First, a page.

The Hong Kong immigrant church in North America has largely inherited the “nationless” identity before 1997. Therefore, like Israel in the wilderness, their concerns are pragmatic. Job security with a good future is the standard goal. And, the same hope for the next generation is expressed in the parents’ focus on the quality of their children’s education. In other words, they are still looking for “manna” and “quail.” At the same time, spirituality is often expressed in the form of refusing to maximize the effort to gather manna and quail. Like their counter-parts in the wilderness who observed the Sabbath, the modern day Hong Kong immigrant Christians would go to church every Sunday. Going-to-church-on-Sunday is more than a religious observation for these immigrants. It is their testimony of a choice of honoring God, because they could be working somewhere else if they are not in church. Like the Israelites who observed the Sabbath, they depended on the divine provision of a double portion of manna. This is especially true for immigrants from the sixties to the eighties.
I call Hong Kong immigrant Christians “Diaspora” because they are scattered between two cultures. Their most familiar way of living rests on a small island at the tip of China. Although a good percentage of the first generation may communicate in English, the vast difference in culture puts them at odds with the mainstream society. Also, the growth of the Chinese communities often renders the first generation from having to interact with mainstream in any meaningful way. Interactions often remain on a “need-to” basis, like buying a car, buying a house, going to work, and going to the bank. However, when crises arise, they would immediately turn to their Chinese community for support. In this sense, the Chinese remains as “a people” a bit like Israel in the Pentateuch. In fact, the church has become their new “village” in America. When their sons and daughters marry, church members make up the majority of guests at the wedding banquets. At funerals, again, friends from the church make up the community of emotional support. Together, these “villages” of Hong Kong immigrants sojourn in America as Diaspora Chinese, whose emotional allegiance wanders between an old culture that they have left years ago and the mainstream culture that always looks foreign. I suspect this background significantly hampers their understanding of the kingdom concept as the here-and-now; therefore, reducing it to either ecclesiastical fellowship or an eschatological phenomenon.
A Biblical Response
Much like American Evangelicalism, the spirituality of Hong Kong immigrant Christians is pragmatic. When faith becomes pragmatic, something will be lost. We will not notice it at first because it is not practical. However, it will eventually show up—just like in those days when Israel had no king and everyone did as he saw fit. Of course, drawing a parallel with ancient Israel demands a biblical response to the context. The biblical story tells us that the first generation passed on in the wilderness. The same will be true for the first generation immigrant. Over time some will adopt the culture and plant new roots in this land, still others will not. Either way, we can all learn from Israel’s history. At the end of their wilderness era, they entered Canaan and eventually established a great kingdom. When they crossed River Jordan, Joshua commanded twelve men, one from each tribe, to pick up twelve stones from the riverbed and pile them up as a sign on the shore. This sign will serve as a memorial for the fathers to tell their stories to their children for many generations to come. Oral tradition will continue to bind this people together as they remember how their God blesses them from the past to the present, thereby stirring up a faith that continues to look upon their Lord in the future. Likewise, first generation Hong Kong immigrant Christians needs to tell their stories before they passed on, for those stories are nothing less than the provision and blessings of God. Their children will settle down in this land. They will face life issues that way surpass the need for “manna” and “quail”. In order to play a significant role in the kingdom of God—in order to be the wise virgin who brings oil, the faithful servant who traded with his talents, or the righteous sheep who fed the Lord when He was hungry—they will need to face matters that deal with justice and righteousness. They will need to be the prophet and the priest of this world. Knowing the stories of their fathers will teach them the context of the previous generation. It empowers them to recognize which part of the struggle is over and where they shall continue with the relay. In the end, God will realize His kingdom on earth through His people, and finishing the job when our Lord Jesus comes the second time.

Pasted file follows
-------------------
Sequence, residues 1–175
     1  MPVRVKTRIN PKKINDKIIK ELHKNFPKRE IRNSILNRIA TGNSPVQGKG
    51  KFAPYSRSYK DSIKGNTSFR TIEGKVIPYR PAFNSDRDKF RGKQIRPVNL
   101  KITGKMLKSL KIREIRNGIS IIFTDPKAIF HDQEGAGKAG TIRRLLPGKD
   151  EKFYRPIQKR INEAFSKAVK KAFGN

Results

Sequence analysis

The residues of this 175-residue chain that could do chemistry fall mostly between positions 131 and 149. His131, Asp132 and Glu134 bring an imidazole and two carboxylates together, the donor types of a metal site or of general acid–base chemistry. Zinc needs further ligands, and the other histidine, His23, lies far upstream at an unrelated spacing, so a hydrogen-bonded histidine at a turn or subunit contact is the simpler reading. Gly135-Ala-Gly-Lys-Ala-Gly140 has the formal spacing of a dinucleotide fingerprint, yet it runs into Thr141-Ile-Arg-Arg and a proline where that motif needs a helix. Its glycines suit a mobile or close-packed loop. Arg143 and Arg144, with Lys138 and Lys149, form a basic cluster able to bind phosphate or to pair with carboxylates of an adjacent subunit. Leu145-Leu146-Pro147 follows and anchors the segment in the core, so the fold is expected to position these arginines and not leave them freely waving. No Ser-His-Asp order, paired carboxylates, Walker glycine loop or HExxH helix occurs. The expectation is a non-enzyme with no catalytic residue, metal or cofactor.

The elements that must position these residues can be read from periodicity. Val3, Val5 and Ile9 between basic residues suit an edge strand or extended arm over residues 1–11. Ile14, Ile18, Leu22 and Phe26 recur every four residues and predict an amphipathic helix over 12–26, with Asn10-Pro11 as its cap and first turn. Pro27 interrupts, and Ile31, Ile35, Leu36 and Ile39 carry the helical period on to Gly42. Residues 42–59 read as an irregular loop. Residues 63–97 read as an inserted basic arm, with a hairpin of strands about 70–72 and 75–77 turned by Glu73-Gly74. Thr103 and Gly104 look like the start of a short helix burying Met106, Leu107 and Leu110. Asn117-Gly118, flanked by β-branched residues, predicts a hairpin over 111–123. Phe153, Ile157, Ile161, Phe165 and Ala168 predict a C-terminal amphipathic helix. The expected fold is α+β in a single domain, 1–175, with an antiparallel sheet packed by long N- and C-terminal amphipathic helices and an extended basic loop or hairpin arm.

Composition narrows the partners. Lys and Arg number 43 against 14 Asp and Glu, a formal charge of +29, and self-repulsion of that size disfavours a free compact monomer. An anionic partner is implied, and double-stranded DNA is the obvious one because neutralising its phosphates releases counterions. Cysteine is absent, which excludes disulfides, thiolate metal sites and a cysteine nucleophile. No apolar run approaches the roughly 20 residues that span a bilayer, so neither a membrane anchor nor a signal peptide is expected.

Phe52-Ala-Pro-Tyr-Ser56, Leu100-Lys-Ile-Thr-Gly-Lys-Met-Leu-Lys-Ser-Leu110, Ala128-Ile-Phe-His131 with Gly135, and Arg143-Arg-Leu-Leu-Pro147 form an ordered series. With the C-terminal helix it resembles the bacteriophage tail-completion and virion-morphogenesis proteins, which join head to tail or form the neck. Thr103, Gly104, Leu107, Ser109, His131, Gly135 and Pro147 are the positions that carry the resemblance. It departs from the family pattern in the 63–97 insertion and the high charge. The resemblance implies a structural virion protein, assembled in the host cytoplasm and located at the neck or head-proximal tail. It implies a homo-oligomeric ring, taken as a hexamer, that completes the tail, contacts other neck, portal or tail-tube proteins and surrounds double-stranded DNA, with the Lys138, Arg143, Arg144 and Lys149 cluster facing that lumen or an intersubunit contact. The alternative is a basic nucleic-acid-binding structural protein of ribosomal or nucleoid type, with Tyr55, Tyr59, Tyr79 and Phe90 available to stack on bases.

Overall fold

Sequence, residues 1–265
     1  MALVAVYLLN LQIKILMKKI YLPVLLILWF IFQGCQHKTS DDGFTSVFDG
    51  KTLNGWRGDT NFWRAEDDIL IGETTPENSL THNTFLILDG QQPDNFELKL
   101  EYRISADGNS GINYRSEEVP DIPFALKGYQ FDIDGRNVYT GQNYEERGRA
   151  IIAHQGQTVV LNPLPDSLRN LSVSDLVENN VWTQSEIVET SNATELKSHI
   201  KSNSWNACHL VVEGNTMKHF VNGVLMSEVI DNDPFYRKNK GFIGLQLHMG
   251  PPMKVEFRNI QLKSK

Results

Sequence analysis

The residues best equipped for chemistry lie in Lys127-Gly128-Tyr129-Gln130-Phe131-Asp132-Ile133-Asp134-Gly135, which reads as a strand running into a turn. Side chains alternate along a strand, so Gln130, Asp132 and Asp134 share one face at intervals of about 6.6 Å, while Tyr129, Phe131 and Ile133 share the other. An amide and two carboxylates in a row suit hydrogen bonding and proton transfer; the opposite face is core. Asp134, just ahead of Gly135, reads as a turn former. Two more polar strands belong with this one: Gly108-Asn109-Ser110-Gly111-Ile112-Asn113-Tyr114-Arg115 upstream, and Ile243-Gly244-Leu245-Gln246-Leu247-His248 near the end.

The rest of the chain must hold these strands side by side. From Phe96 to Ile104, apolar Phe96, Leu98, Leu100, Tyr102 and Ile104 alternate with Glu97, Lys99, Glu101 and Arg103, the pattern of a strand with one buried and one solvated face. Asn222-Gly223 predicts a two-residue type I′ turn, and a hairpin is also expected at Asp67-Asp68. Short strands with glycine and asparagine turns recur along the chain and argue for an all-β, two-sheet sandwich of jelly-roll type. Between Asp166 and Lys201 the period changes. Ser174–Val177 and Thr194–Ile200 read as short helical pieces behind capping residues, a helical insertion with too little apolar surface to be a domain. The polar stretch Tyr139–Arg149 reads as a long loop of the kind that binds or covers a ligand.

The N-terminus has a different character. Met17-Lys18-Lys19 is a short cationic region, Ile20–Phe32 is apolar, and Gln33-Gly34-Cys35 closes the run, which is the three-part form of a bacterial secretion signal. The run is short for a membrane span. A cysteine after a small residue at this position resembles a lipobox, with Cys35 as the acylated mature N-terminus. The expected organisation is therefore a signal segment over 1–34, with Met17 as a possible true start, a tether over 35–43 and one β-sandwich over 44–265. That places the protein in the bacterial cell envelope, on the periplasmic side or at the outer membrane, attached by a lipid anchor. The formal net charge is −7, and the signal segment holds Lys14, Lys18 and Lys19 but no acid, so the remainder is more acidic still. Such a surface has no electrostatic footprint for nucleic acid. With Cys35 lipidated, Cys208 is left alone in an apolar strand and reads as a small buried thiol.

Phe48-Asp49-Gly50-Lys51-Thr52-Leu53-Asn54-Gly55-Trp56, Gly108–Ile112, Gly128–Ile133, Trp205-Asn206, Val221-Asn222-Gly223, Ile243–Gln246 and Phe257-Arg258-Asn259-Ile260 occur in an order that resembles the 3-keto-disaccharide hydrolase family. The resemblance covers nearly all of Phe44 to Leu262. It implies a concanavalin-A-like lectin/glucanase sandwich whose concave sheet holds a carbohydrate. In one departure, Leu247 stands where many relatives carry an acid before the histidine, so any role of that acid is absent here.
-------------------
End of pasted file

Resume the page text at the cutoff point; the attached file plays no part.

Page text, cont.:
This is a “fast-forward” comment on the history of Hong Kong. What actually happened during the one-hundred-and-fifty-year period was much more complex.
 The metaphor of “manna” can be understood as basic need, while “quail” refers to luxury or a better quality of lifestyle.
 I do not mean Israel was a people because they hung on each other for emotional need, but I am drawing a parallel between the Hong Kong immigrant and Israel as a people wandering in a foreign land.
 “Village” seems to describe well the network of the Chinese community.